Although planning a wedding is an exciting time in your life, there’s no doubt that it’s a time-consuming and sometimes overwhelming process. From sending out your invitations to selecting your menu, there are so many details you need to attend to. Amid all the wedding madness, it can be really easy to forget about nurturing your own health and wellbeing. “This focus on problem-solving and getting things done sometimes takes a toll on our energy, and self-care and tending to your health becomes less of a priority,” therapist Marissa Nelson explains.
But, neglecting your health for the sake of planning your nuptials only backfires. Since the stress of designing your wedding is already high, ignoring your mental, physical, social, and emotional health will create additional stress and lead to many other unfavorable consequences. “In general, people who don’t prioritize their health often experience lower energy levels, constant fatigue, moodiness, and more stress,” fitness trainer Stephanie Thomas notes.
Not to mention, burying yourself in the planning logistics without prioritizing your wellbeing may impede upon your relationship. “Many premarital couples will find their patience tested during the wedding planning process,” therapist Elizabeth Mahaney says. “When stress causes partners to feel overwhelmed and disconnected, misunderstandings happen and unintentional relationship havoc ensues.”
To avoid these common pitfalls, taking care of your health is vital. In fact, orchestrating your celebration requires even more attention on your wellbeing. Whether it’s establishing a realistic exercise routine or regularly practicing mindfulness, making positive lifestyle changes prior to your special day will make you look and feel your best. “When you prioritize your health and wellbeing, you’ll feel happier and more relaxed, allowing you to be more present during every part of your engagement and wedding planning process,” Thomas remarks.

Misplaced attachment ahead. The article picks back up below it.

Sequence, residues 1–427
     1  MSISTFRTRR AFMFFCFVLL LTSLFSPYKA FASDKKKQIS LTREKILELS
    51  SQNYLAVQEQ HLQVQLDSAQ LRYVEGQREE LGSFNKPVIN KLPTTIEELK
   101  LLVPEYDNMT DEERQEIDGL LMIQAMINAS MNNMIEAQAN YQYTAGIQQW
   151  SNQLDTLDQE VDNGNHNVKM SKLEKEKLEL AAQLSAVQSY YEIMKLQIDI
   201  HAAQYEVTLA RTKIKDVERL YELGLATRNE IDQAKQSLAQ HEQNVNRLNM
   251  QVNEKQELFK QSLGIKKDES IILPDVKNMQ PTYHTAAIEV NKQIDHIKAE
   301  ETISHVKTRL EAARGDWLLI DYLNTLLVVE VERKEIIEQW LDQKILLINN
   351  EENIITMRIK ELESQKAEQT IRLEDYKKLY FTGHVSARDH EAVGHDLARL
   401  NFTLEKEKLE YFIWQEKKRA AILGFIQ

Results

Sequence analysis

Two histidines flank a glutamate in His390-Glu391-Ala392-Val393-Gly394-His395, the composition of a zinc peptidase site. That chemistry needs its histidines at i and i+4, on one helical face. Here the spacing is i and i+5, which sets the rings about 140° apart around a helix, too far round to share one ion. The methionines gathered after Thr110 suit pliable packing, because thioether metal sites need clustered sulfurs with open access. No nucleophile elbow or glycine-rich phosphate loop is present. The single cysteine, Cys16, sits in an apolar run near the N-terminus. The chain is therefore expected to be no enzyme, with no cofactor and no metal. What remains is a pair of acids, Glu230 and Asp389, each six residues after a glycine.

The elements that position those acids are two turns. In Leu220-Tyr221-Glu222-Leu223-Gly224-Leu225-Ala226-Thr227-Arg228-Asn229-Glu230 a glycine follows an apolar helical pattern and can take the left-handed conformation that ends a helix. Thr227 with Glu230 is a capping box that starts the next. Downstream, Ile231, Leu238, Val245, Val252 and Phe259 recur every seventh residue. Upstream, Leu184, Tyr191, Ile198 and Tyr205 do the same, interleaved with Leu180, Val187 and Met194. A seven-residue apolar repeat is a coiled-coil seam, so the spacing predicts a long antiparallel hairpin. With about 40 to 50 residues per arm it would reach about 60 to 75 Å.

By implementing these habits into your pre-wedding schedule and sustaining them even after the wedding is over, you’ll create the right conditions for a successful long-term relationship. “It lays the foundation for the life they want to have and the healthy lifelong habits that couples should adopt because optimal health is at the center of every thriving marriage,” Nelson expresses.
Since making changes to your routine is an adjustment, it’s best to start slowly. “If you try to make several changes at once, it can feel overwhelming and you might not stick to them if the process feels more daunting than enjoyable,” Thomas states. Start by implementing one new habit into your daily life. Once you begin to notice the positive impact, you’ll feel more motivated to maintain that practice and better equipped to adopt a few more.
From preparing more home-cooked meals to meditating for five minutes every day, here are healthy habits all couples should consider implementing into their pre-wedding (and post-wedding) routines.
Meet the Expert
- Marissa Nelson is a licensed marriage and family therapist based in Washington D.C. and the founder of IntimacyMoons. She has over 10 years of experience in the mental health field.
- Stephanie Thomas is a certified personal trainer who specializes in bridal fitness. She launched Stephanie Thomas Fitness in 2019, but she has been working in the health field for over eight years.
- Elizabeth Mahaney is a pre-marital, marriage, and family therapist at South Tampa Therapy with 20 years of experience. Although she’s based in Tampa, Florida, she also works with clients in Maryland, Virginia, Connecticut, South Carolina, and North Carolina.
- Juliana Shalek is a registered dietitian and nutritionist based in Manhattan and the owner of The Nutrition Suite. Among the many programs she offers, she often works with brides before their wedding day.
Add Movement to Your Daily Routine
No matter how busy your schedule might get, moving your body is essential for your mental and physical health. “Working out regularly will help you reach your physical goals, gain confidence, boost your mood, increase energy, decrease the risk of disease, reduce stress, improve sleep, and the list goes on,” Thomas notes.